Olive Trees: Everything You Ever Wanted to Know
First, it's important to figure out where you want your Olive Tree to live. Generally, our Olives are kept in containers indoors, allowing them to grow nearly anywhere across the country.
If you live in growing zones 8 to 11, you can plantin the ground outdoors in a full sun to partial sun area, depending on your variety (any location that receives about 4 to 8 hours of direct sunlight per day). However, we do recommend potting up your Olive Trees - you can keep your Olive Trees outside on your porch or patio while the weather's warm and bring them indoors if temperatures drop. This makes growing your Olive that much easier!
For indoor growth, all you need is a sunny window. Seriously - it's that simple. Your sunlight requirements are the same here, soabout 4 to 8 hours of sunlight per day for yourOlive. Just place your tree in front of a window, preferably one that's south-facing, and watch the growth take off.
Planting Olive Trees
Indoor Olive Trees
From there,planting is pretty straight-forward. For your indoor tree, choose a container that's about one and a half to two times the width of your Olive's shipped container.
Keep in mind that youdon't have to transfer it right away, butOlive Trees do well in a pot with room to grow. Whatever pot you choose,make sure it has drainage holes for watering.
Outdoor Olive Trees
Outside, dig a hole that's large enough to accommodate your tree's rootball, place your tree, backfill with soil and tamp down. Then, water to settle your tree's roots. You can also mulch the surrounding soil to conserve moisture and keep away weeds - just keep the mulch away fromyour tree's trunk.
When planting outdoors,remember thatthe area you choose should have well-drained soil. In general, soil type isn't a huge component, but standing water and excessively soggy spots should be avoided.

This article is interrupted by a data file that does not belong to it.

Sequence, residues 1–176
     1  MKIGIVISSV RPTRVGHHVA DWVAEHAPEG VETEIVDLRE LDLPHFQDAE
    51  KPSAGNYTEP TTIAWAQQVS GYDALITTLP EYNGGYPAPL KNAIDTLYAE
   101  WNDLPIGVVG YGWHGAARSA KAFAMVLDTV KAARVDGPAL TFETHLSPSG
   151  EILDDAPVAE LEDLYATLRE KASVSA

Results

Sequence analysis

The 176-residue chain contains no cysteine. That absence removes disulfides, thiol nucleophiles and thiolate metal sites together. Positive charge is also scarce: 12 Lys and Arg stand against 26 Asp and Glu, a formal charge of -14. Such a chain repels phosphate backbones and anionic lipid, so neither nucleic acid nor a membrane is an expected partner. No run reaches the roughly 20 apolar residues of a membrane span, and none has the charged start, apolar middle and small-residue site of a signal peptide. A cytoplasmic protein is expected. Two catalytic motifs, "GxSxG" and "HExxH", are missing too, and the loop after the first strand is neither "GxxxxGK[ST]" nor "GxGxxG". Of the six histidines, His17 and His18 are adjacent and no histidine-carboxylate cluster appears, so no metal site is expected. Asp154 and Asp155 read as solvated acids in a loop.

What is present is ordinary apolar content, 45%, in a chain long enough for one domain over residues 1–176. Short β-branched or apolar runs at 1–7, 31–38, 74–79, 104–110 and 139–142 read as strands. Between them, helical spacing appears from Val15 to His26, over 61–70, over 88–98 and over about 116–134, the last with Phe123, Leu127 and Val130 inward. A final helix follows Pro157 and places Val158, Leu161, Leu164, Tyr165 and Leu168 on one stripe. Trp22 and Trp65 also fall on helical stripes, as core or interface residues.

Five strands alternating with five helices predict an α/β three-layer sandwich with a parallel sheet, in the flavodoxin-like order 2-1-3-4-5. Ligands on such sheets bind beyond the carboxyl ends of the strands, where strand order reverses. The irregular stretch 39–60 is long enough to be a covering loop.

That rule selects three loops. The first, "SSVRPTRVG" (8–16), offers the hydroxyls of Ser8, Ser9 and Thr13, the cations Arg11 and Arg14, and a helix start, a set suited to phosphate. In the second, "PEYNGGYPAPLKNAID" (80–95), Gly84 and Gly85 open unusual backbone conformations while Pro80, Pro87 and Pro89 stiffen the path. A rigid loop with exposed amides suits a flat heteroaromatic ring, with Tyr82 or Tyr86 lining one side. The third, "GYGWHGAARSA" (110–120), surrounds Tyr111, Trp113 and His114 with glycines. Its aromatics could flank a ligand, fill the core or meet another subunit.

FGT Expert Tip:Most Olive Treesareself-fertile,but if you keep your plant indoors,hand pollinationcan help. Also, two or more trees meanbigger harvests for you!
Caring for Olive Trees
You've planted your tree...now what? Ongoing care can be daunting, especially for fruit trees, but don't worry. We've got you covered.
First, set a regular watering schedule. Typically, your Olive Tree will need to be watered about once or twice weekly. But if you're not sure when to water, check your soil with your index finger, down toabout 2 inches. If your tree's soil is dry here, it's time to water!
For container-planted Olive Trees, our rule of (green) thumb is the same: When in doubt, check your soil for dryness. And when you do give your Olive a drink, do so until you see water draining from the bottom of the pot.
You can also mist your Olive Tree to keep the soil moist, especially when you've turned up your home's heatduring the winter season.
You don't have to fertilize, but you may see bigger harvests if you do.When you're ready, fertilize yourOlive Trees twice yearly with a high-nitrogen blend,such as 17-6-10, in a time-release formula.Follow the label instructions, andwatch the fruits of your labor pay off.
Pruning and More
Thankfully, you won't have to deal with anyserious pest or disease issues. Any issues thatdo arise can be mediated by cleaning your leaves.
The most common disease seen with Olive Trees is scale, which is easy to eliminate by using a natural insecticidal soap or BioNeem.
And pruning issimple, too. Thin out your young plants to three or four main branches for better fruiting potential. Afterblooming in the spring, clip the tips of your branches.
Harvesting YourOlive Trees
You've flexedthat green thumb, and now it's time for the best part:Home-grown olives! You can take full advantage of your Olive Tree, from its beauty to its harvests, whether you're snacking, cooking or making your own oil.
Harvest time can vary based on variety, but generally, you'll know when yourolives are ready by their color. The Arbequina, for example, willtransitionfrom a light green to soft pink before finally changing toa brownish-purple shade. This last color change will let you know they're ready to pick.
And onceyou've picked your olives, they're ready for thecuringprocess. You can brine cure or water cure, butcuring ensures your olives aren't too bitter.
If you want to make oil, you may needspecial equipment, but theprocessitself is pretty simple.Your oilcan vary in tone from green to a golden yellow, depending on whenyou harvest and which Olive Tree you have. But no matter what, you getone-of-a-kindflavor, made even better by the fact that it's from scratch.
Selecting Your Olive Tree
Now that you know what to do for your home-grown Olive Tree, it's time to pick your favorite! Luckily, you can't go wrong, from the customer-favorite Arbequina to the Greek Koroneiki. Check out all we've got to offer, and get growing!